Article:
In Norway, the grid access and connection responsibilities for offshore wind projects lie with the wind farm developer. This entity must simultaneously apply for a grid connection licence and a licence for offshore wind farm construction. The developer has to prepare a detailed route plan in consultation with the area operator/concessionaire as well as Statnett.
Poland is among the European countries with the most promising offshore wind prospects in the Baltic Sea region. The country’s Offshore Wind Act, 2021 provides for a two-tier system for granting funding support to offshore wind farm developers. Under the first phase, advanced projects aggregating 5.9 GW, which have been awarded contracts for difference by the Energy Regulatory Office, will be commissioned by 2030. For the second phase, under which support will be granted through competitive auctions between 2025 and 2028, 11 new sites have been made available, which will help the country take its offshore wind installed capacity to 11 GW by 2040.
The state-owned TSO Polskie Sieci Elektroenergetyczne S.A. (PSE) holds the monopoly over the country’s transmission segment. Investments in transmission networks and installations used to offtake power from an offshore wind farm remain the responsibilities of the farm owner. After the development, the connection can be sold to the TSO. Such investments will be considered “transmission network strategic investments”, which means that for their implementation, in addition to other permits, an investment location decision issued by the governor of the province will be required. The PSE has planned an investment of over PLN 14 billion for transmission network development up to 2030 under the scenario of dynamic development of offshore wind farms.
The UK has the world’s largest offshore wind pipeline with the ambition of 50 GW by 2030. Over the last couple of years, the UK has been diligently working on redesigning its future transmission network infrastructure to significantly step up OSW integration. It has decided to shift from the radial approach followed so far to a more integrated approach. According to the National Grid Electricity System Operator’s (NGESO) Offshore Coordination Project Report, released in December 2020, the integrated approach will reduce the number of onshore landing points for offshore wind to 30 from 105 in the radial approach, reduce onshore and offshore cable length to 6,735 km from 11,585 km, and the number of HVDC substations to 20.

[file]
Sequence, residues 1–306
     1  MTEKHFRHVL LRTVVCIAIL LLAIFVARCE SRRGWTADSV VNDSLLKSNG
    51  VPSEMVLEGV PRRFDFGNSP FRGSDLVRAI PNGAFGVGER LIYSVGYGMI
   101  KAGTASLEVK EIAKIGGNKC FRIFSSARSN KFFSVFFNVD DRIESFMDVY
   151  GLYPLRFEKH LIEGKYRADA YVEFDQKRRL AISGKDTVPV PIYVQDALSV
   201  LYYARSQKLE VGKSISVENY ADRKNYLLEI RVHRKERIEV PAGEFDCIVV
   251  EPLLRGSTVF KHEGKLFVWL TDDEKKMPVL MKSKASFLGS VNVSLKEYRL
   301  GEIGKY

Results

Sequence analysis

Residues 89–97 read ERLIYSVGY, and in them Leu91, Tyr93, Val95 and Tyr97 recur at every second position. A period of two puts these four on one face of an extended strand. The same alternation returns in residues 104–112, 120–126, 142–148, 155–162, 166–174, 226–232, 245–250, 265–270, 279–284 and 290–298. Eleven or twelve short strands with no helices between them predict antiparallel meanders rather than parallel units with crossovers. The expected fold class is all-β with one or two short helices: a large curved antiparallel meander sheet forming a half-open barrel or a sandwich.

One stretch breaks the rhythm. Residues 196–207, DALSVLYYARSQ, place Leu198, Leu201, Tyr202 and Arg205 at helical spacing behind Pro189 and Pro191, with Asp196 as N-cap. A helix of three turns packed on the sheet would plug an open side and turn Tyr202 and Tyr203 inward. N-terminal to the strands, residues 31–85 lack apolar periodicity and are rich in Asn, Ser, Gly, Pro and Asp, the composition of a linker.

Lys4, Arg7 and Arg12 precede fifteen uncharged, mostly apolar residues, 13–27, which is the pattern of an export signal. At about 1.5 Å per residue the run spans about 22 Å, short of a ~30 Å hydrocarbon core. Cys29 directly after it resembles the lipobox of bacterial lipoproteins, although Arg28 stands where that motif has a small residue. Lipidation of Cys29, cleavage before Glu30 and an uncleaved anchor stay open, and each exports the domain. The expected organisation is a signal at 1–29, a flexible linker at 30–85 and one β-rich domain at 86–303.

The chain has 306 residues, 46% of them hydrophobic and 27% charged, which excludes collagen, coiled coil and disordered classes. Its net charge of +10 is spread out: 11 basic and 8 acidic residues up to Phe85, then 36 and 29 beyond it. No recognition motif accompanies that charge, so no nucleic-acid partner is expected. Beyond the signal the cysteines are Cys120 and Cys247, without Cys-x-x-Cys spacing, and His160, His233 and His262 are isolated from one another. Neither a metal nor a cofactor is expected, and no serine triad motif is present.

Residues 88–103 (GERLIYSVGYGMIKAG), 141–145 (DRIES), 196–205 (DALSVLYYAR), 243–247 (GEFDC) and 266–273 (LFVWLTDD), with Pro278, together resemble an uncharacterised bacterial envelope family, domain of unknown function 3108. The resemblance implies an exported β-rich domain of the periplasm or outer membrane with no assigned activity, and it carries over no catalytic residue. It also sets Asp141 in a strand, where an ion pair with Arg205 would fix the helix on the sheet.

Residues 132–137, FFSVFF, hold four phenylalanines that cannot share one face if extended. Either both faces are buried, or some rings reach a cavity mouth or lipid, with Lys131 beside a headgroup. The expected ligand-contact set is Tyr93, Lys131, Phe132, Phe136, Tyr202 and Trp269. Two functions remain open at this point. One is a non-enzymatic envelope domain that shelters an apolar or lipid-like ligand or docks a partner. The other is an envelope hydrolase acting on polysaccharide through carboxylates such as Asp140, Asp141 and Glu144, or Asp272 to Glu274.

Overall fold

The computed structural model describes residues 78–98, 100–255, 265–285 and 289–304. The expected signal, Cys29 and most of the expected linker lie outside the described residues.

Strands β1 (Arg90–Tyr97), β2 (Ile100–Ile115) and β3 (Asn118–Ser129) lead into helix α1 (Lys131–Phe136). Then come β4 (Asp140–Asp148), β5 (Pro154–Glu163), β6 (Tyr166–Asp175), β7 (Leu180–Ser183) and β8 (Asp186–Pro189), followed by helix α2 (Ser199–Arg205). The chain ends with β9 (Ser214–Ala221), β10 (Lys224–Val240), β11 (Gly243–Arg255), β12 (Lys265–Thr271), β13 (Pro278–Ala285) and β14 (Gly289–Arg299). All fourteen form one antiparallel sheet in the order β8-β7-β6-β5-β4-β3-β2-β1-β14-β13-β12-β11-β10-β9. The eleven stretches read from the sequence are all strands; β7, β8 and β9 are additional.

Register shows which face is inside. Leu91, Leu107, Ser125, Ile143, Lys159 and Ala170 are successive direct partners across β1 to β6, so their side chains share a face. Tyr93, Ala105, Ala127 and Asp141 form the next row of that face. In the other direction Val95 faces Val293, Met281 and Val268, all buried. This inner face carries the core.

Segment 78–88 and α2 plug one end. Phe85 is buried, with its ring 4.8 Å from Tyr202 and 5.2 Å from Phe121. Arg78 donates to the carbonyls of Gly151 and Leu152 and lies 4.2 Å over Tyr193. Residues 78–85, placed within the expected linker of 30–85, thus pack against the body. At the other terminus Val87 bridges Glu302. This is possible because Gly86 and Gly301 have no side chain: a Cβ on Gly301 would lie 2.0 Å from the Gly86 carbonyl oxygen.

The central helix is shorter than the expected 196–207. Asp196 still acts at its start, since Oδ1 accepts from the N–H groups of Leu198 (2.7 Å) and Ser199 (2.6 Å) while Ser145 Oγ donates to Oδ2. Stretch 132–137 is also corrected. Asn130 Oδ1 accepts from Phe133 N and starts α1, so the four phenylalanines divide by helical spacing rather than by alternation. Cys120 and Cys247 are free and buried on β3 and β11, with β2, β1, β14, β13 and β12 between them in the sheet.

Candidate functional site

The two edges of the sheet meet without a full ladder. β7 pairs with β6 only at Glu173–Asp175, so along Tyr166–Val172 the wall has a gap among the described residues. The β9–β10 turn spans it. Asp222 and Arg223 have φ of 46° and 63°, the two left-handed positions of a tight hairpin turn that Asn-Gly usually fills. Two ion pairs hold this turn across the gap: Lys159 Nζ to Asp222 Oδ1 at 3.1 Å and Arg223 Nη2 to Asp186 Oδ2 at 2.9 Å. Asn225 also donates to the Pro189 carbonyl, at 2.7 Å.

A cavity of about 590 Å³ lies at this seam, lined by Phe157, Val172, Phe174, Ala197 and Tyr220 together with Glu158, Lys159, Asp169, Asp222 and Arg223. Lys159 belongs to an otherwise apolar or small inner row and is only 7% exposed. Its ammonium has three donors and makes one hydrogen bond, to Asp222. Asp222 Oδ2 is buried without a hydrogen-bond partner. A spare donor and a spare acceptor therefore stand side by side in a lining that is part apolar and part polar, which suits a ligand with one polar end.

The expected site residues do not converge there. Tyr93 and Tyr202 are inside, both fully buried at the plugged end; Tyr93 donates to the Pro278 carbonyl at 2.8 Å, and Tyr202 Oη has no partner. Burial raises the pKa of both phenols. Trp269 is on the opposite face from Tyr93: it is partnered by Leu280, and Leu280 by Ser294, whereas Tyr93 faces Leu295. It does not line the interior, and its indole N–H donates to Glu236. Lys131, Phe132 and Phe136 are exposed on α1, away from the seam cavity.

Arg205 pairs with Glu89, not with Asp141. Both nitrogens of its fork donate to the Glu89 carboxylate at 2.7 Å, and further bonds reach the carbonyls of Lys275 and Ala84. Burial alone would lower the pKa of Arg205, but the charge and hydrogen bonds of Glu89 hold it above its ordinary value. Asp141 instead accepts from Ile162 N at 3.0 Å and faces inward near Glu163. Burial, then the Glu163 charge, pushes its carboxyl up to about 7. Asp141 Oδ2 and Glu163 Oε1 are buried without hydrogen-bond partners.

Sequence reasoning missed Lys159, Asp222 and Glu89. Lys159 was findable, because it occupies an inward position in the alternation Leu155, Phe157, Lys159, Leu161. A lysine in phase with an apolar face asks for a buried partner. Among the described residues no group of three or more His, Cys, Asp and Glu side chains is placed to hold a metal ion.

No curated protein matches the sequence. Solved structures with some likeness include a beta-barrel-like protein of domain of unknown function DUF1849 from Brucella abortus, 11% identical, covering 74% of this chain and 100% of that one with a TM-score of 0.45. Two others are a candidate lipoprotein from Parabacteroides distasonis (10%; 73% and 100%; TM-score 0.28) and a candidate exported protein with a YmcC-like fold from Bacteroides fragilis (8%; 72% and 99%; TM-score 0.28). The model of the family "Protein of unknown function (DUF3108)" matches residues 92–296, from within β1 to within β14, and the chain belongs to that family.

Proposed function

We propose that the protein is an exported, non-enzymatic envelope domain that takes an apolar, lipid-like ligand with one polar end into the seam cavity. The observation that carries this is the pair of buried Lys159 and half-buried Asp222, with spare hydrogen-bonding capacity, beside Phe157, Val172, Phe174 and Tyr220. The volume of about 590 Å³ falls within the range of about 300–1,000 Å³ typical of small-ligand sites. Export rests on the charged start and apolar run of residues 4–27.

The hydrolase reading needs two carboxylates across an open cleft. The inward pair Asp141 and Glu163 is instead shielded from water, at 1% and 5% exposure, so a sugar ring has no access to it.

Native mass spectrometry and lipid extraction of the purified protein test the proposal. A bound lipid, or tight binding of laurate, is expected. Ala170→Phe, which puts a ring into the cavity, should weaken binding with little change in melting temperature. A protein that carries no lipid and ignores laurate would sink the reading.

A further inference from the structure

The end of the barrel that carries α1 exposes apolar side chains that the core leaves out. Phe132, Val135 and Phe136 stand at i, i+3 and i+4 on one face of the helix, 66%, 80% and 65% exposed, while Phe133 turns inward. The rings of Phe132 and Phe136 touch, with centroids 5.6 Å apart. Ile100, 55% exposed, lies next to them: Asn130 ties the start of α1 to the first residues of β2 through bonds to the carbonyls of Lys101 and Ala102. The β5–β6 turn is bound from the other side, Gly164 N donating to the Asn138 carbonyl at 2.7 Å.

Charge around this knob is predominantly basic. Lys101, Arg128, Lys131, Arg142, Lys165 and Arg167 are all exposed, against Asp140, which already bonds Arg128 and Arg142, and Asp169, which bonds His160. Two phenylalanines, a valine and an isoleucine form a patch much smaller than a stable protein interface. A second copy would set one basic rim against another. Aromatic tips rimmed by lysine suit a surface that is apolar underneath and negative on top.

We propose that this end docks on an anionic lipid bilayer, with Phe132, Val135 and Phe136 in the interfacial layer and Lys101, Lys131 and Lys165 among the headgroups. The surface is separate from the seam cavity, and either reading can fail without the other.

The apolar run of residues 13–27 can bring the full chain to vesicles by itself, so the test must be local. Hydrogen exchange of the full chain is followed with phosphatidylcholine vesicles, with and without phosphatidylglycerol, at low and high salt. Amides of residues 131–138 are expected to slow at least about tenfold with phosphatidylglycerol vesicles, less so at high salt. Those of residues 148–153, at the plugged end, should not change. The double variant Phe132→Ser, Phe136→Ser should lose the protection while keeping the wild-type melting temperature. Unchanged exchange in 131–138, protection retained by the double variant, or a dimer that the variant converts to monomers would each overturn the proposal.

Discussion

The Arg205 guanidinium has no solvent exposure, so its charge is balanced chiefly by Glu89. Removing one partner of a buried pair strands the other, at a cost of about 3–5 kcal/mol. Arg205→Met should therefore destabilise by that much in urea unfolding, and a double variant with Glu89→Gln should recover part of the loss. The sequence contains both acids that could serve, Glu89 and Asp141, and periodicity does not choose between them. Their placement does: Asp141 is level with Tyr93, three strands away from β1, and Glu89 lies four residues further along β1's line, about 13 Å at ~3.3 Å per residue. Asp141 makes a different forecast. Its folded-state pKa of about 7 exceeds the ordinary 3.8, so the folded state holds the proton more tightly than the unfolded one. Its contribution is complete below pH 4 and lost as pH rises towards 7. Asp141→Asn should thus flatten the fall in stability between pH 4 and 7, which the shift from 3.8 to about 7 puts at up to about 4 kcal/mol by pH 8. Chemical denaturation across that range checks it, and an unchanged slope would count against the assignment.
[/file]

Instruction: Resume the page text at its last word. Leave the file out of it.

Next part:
Earlier, in July 2022, the NGESO released its “Pathway to 2030” Holistic Network Design as part of the government’s Offshore Transmission Network Review efforts to find appropriate solutions in the medium term. The HND, which sets out a single, integrated design to support the transmission of large-scale offshore wind generation to load centres across Great Britain, marks the first step towards more centralised strategic network planning. It will entail an investment of GBP 54 billion to facilitate the connection of about 23 GW of offshore wind by 2030.
The UK and the EU recognise that collaboration and coordination via hybrid assets will be critical to realise the full potential of the North Sea for consumers. NGV has two MPIs under development – EuroLink MPI and Nautilus. Recently, the National Grid commenced public consultation for two green electricity infrastructure projects – EuroLink MPI and Sea Link, a subsea electricity cable connecting Suffolk and Kent, being developed by the UK’s TSO National Grid Electricity Transmission.
The way forward
Offshore wind deployment is taking centre stage in Europe’s energy strategy as the continent moves towards ensuring energy security and reducing reliance on fossil fuels. Hybrid projects and energy islands are gaining prominence as they will facilitate offshore wind farm projects that can generate massive volumes of clean energy. This will also support the EU’s decarbonisation efforts in other sectors, particularly through the production and storage of green hydrogen. For hybrid projects to fructify smoothly, a reliable joint growth path needs to be laid, joint cross-border projects need to be expedited and a common technical language for AC/DC would need to be agreed upon. The availability of more EU funds for such projects reduces risks for investors. Going forward, greater cooperation and coordination among the North Sea and Baltic Sea countries will drive clean energy deployment in Europe. n